PARIS — The French might soon be enjoying what Michelle Obama did on her trip to Paris last month: shopping for clothes on a Sunday.
Lawmakers here this week are debating a proposed bill that, if approved, would lift restrictions on Sunday trading that date back to 1906, overcoming the resistance of opposition parties and trade unions.
“Is it normal that on a Sunday, when Madame Obama wants to go to the Paris shops with her daughters, I have to make phone calls to have them open?” President Nicolas Sarkozy recently complained.
Unlike the U.S. and U.K., where Sunday trading is the norm, French shops are required by law to stay closed, unless they sell food, or are located in tourist areas and are deemed to have “recreational” or “cultural” value, such as bookstores.
When compared with other European Union countries, France has the most restrictive rules when it comes to Sunday trading. In neighboring Italy, for example, shops in tourist areas can elect to stay open on Sundays and holidays 10 months a year. In Madrid, the Spanish capital, stores are open every Sunday from midday until 8 p.m., while in Berlin they are allowed to open 10 Sundays every year.
In a bid to stimulate trade, the French government is proposing to loosen its tight rules and allow stores to open on Sunday by widening the tourist designation to more municipalities and allowing all types of retailers in these areas to open for business.
If the bill is passed in its current form, the number of municipalities designated as tourist areas could increase from the current 500 to 5,000.
As a result, areas like the Grand Boulevards neighborhood in Paris, where department stores Galeries Lafayette and Printemps are located, would be allowed to trade and improve the limited shopping options available in the capital to tourists on Sunday. Sunday shopping in Paris is currently allowed in the Champs-Elysées area, in the shopping mall under the Louvre museum, in parts of the Marais and Boulevard Saint-Germain areas. The Boulevard Haussmann is one of Paris’ most important tourist areas, with more than 120 million visitors every year and it’s the city’s main hotel area, with around 179 hotels.
Printemps, which is in the middle of a major renovation, has already signaled that it would welcome a decision to allow the area to trade on Sundays. Its chief executive, Paolo de Cesare, recently said this would be a “good decision,” because Printemps could create between 150 and 200 new jobs, while up to 1,000 new jobs could be created in the neighborhood.
“The main European and world capitals let their department stores open on Sunday,” said a Printemps spokeswoman, noting that competitors like Harrods, Selfridges, La Rinascente, Saks and Isetan have the opportunity to attract the tourist trade seven days a week. “It’s not just good for Parisian department stores, but for hotels, restaurants, museums, exhibitions,” she said.
Lawmakers estimated between 20,000 and 30,000 new jobs could be created if their proposals go ahead. A more realistic forecast, which takes into account the current economic downturn and the likely amendments to the final bill, would be between 5,000 and 10,000 jobs.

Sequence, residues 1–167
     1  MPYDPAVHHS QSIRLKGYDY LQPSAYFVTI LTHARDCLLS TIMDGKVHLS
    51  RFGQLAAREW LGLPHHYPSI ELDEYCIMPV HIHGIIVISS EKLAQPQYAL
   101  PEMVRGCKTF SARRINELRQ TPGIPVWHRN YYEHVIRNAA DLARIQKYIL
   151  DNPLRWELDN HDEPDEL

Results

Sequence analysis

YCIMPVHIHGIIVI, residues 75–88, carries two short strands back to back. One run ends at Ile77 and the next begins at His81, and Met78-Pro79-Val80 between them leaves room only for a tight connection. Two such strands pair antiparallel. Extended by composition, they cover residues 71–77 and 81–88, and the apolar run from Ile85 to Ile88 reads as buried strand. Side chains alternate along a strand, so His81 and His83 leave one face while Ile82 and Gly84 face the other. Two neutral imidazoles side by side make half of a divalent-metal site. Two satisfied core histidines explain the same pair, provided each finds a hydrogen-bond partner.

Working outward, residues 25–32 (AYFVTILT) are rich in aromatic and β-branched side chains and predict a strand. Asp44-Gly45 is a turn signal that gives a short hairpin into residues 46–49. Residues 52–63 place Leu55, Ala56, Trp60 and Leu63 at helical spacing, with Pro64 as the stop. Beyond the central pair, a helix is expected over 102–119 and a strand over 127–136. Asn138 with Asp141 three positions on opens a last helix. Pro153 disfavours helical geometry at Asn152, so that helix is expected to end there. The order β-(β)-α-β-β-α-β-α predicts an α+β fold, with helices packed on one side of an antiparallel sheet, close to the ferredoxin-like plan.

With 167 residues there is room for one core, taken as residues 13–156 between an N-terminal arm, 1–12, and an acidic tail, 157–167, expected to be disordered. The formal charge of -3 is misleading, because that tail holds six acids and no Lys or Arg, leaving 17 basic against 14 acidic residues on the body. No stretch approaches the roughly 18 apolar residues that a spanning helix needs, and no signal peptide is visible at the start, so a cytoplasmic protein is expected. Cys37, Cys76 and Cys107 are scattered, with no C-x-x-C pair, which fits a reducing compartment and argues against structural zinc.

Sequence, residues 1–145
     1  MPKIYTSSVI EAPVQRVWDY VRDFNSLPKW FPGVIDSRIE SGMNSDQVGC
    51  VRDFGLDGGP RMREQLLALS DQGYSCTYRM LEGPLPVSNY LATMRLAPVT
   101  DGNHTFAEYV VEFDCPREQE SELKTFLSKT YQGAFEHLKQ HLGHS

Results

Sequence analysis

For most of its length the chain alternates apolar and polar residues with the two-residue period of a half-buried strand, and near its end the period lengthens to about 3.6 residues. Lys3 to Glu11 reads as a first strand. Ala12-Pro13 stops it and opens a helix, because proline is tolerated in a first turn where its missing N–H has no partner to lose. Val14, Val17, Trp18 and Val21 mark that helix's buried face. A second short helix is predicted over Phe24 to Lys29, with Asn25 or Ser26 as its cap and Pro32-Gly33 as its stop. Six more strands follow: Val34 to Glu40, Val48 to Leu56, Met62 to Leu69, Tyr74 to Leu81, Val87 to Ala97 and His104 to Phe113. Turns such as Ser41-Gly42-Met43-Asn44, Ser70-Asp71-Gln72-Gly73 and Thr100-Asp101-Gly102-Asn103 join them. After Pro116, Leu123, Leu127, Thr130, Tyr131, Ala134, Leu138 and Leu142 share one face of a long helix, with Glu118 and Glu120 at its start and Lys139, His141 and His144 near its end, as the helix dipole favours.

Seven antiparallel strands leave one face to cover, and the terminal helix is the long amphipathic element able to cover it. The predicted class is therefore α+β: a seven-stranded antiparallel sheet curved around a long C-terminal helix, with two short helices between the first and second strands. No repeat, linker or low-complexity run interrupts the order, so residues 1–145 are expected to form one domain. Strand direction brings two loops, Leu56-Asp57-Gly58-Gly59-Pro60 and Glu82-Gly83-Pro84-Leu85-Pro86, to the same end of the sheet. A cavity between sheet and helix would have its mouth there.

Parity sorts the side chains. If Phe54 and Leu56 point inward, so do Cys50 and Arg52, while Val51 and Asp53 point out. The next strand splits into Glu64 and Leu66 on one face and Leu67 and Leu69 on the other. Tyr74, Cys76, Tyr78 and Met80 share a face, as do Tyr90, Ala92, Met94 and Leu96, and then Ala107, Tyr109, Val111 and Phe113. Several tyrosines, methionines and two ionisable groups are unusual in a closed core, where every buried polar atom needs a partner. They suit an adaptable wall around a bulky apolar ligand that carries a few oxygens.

According to Laurence Parisot, president of France’s employers’ confederation, the introduction of Sunday trading wouldn’t be a solution to the current economic downturn, but would still be “a little contribution to getting out of the crisis.”
Despite the much-needed benefit to the economy through new jobs and improved consumption, the French remain ambivalent toward the proposals. About 63 percent of people polled in Paris, Marseille and Lille have backed Sunday trading, but 58 percent wouldn’t want to work on Sunday, according to a survey published last month.
The reason for this ambivalence is that while most French would be freed from having to concentrate their shopping expeditions on Saturdays, many employees in the retail sector would lose the extra pay and time off they receive for working Sundays and holidays under the current system.
There are also concerns about the fate of smaller municipalities that are less affected by tourism.
“It might make sense for the Virgin Megastore or the Louis Vuitton flagship on the Champs-Elysées to open on Sundays, but in areas where tourism is not as strong, Sundays might be preserved so that buying does not become the only leisure available,” said brand consultant Florian Gonzalez.
Trade unions have already stepped into the fray to show their opposition to the bill. The General Confederation of Labor, France’s second-largest trade union by membership numbers, has already collected more than 110,000 signatures against the law, with many members expressing concerns that working on Sundays won’t be optional anymore.
Another trade union, the French Confederation of Christian Labourers, has voiced its opposition saying Paris isn’t a shopping mall. “If Paris has an international reputation, that’s because of its heritage, its lifestyle and its culture,” the trade union stated. “These are elements that will be lessened by the hyper-commercialization of the capital.”
According to the Labor ministry, there are no plans to allow Sunday trading across Paris, but only in selected areas. In addition to the Grand Boulevards, La Défense, the high-rise office district in western Paris, is another candidate for Sunday trading in the capital.
“We must be reasonable.…Is it absolutely necessary that the shops are open at times and on days when people cannot do their shopping?” said Sarkozy, pointing out that Paris attracts 80 million tourists a year.
If Sarkozy manages to get his way, Obama’s next shopping expedition in Paris won’t be an exceptional event anymore.
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